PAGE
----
I’ve generally been pretty dismissive of the “A noun, a verb, and Vladimir Putin,” wing of the Democratic Party.
I’ve always observed that at worst, what we have is a violation of campaign finance laws, where, if the Russians explicitly coordinated with the Trump campaign, it was an illegal in-kind donation.
That’s a lot of “ifs”, and even if true, the penalties are minimal.
The real jeopardy only occurs if members of the Trump campaign engaged in obstruction of justice in an attempt to cover this up.
After all, it was obstruction of justice that took Nixon down.
I’m still not sure if there is any “There” there, but things is getting profoundly interesting:
CNN and the New York Times this evening published dueling scoops on former Trump campaign chairman Paul Manafort.
As Jim Comey might put it: Lordy, there appear to be tapes.
First, CNN reported that U.S. government investigators wiretapped Paul Manafort, the onetime Trump campaign chairman, both before and after the 2016 presidential election. According to CNN, the court that provides judicial oversight for the administration of the Foreign Intelligence Surveillance Act authorized an FBI investigation into Manafort in 2014 focused on “work done by a group of Washington consulting firms for Ukraine’s former ruling party.” Manafort’s firm, among notable others, had failed to register under the Foreign Agents Registration Act (FARA) for work with the pro-Russian Ukrainian regime. This first investigation was reportedly halted in 2016 by Justice Department prosecutors because of lack of evidence, but a second warrant was later issued in service of the FBI’s investigation into Russian influence of the election and potential ties between the Trump campaign and Russian operatives.
CNN reported that interest in Manafort was “reignited” because of “intercepted communications between Manafort and suspected Russian operatives, and among the Russians themselves.” The FBI also conducted physical searches: one of a storage facility belonging to Manafort and a more widely reported search of his Alexandria home in late July. Manafort was not under surveillance when he became chairman of Trump’s campaign, CNN sources suggested, because of the gap between the two warrants.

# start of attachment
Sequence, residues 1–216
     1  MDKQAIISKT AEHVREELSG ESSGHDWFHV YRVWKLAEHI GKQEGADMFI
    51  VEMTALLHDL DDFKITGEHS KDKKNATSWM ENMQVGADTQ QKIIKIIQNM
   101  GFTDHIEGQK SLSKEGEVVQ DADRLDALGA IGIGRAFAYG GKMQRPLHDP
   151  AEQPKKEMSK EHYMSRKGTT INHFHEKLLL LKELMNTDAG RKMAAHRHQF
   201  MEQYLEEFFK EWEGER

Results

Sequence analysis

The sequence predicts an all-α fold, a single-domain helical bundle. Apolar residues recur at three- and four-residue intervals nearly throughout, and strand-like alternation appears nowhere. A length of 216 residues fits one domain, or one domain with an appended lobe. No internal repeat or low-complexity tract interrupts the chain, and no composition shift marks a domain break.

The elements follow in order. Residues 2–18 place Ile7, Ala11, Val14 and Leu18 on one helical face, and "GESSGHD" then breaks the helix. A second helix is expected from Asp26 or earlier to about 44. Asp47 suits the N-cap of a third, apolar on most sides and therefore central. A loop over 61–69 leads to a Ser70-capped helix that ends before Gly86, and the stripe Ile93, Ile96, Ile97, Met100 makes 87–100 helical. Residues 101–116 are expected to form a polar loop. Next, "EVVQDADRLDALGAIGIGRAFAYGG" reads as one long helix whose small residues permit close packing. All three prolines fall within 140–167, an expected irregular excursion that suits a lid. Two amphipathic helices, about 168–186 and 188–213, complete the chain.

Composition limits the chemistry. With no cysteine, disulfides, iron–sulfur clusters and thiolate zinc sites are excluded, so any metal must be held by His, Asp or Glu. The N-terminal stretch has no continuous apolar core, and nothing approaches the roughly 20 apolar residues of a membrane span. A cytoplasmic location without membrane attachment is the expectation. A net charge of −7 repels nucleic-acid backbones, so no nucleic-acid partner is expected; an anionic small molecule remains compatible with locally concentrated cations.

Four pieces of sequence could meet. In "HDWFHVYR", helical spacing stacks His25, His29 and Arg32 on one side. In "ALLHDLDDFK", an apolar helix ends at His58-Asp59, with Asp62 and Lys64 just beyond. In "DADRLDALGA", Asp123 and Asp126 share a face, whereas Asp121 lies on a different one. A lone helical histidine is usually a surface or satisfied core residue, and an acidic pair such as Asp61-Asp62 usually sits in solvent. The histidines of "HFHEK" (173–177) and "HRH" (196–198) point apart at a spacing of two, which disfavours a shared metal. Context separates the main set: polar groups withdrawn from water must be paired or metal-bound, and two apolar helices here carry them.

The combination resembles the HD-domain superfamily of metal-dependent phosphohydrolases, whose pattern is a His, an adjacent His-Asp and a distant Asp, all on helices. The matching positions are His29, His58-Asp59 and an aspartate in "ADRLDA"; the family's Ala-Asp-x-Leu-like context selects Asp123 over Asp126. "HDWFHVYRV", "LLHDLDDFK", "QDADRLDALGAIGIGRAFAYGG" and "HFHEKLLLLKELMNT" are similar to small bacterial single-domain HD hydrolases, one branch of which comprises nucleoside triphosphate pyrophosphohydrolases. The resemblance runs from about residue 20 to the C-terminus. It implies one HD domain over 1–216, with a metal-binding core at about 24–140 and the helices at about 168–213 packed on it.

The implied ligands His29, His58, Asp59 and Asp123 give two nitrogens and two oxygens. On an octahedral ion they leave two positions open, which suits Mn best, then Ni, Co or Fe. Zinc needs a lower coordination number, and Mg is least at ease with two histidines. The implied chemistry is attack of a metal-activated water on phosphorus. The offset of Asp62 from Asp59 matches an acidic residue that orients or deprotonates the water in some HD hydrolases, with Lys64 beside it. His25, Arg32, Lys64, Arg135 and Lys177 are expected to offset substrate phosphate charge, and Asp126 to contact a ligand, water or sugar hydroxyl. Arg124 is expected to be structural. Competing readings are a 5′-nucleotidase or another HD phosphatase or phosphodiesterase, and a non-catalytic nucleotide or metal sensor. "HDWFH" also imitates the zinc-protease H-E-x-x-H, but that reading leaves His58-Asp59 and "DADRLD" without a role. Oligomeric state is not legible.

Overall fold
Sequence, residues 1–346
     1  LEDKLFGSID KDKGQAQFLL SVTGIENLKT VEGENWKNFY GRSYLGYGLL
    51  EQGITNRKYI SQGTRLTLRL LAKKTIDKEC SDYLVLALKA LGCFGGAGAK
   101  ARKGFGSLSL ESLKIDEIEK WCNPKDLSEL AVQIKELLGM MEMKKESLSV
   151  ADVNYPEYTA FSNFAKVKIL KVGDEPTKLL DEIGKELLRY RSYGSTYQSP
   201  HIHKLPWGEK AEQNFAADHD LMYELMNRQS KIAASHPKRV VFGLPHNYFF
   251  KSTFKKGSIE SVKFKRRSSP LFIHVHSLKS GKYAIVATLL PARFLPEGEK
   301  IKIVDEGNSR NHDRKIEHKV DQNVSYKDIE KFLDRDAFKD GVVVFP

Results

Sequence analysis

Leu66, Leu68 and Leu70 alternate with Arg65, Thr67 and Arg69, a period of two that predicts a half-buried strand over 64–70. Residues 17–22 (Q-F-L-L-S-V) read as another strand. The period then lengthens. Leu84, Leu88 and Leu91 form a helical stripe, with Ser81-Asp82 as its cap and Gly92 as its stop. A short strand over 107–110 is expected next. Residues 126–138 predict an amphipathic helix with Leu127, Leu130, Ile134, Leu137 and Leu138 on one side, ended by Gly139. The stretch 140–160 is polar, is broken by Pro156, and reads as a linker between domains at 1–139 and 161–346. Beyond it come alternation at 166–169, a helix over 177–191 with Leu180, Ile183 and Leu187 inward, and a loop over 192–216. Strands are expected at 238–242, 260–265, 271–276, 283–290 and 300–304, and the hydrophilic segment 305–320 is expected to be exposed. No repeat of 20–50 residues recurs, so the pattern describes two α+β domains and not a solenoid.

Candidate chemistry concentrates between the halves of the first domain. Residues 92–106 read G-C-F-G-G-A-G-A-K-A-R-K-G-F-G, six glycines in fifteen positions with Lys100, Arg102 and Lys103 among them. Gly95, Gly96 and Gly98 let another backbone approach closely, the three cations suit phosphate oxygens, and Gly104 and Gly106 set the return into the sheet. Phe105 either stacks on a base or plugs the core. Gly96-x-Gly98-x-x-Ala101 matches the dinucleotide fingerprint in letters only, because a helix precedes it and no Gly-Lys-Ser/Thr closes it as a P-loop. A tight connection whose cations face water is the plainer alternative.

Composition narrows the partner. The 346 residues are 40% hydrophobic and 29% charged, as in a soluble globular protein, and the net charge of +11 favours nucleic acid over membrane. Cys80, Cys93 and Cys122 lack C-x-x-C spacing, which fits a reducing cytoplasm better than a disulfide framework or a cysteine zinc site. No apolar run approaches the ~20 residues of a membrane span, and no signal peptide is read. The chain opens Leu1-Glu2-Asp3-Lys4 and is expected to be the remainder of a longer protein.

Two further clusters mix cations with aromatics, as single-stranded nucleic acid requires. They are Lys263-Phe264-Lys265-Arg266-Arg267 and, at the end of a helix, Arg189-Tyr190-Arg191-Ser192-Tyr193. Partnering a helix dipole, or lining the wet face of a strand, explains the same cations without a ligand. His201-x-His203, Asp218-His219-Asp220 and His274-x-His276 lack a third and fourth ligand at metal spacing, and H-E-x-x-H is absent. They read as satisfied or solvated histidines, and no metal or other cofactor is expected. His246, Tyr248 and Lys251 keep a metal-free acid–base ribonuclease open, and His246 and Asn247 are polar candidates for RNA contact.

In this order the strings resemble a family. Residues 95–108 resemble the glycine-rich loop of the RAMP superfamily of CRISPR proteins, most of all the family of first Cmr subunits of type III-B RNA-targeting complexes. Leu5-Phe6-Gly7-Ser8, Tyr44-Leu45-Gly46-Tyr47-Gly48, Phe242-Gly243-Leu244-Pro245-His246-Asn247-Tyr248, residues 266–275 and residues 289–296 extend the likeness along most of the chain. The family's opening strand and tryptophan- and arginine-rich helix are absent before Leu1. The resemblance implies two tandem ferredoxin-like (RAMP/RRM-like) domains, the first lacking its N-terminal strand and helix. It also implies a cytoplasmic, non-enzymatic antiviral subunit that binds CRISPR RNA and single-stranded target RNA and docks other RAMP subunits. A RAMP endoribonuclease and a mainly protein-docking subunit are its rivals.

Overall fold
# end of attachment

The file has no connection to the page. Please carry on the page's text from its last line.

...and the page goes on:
Shortly after CNN’s story broke, the New York Times published its own scoop regarding Manafort. The story is largely a scene piece, but includes a number of highly significant facts. The Times catalogs what it describes as “aggressive tactics” that Special Counsel Robert Mueller has employed in his investigations of Trump associates, specifically Manafort and former national security adviser Michael Flynn. First, the Times reveals that after the July raid on Manafort’s residence, Mueller’s prosecutors warned Manafort that he would be indicted. The story also reports that Mueller’s team has subpoenaed several of Manafort’s associates, including Jason Maloni, a former Manafort spokesman; the heads of Mercury Public Affairs and the Podesta Group; and one of Manafort’s former lawyers (with Mueller’s team claiming an exception to attorney-client privilege). While White House officials have been given the opportunity to appear for “voluntary interviews” instead of before grand juries, Manafort’s associates have been subpoenaed, marking a less deferential approach to the Manafort investigation. The Times suggests that Mueller, leaving no rock unturned, is investigating Manafort for “possible violations of tax laws, money-laundering prohibitions and requirements to disclose foreign lobbying.”
I’m not sure where this is going, but it is getting interesting.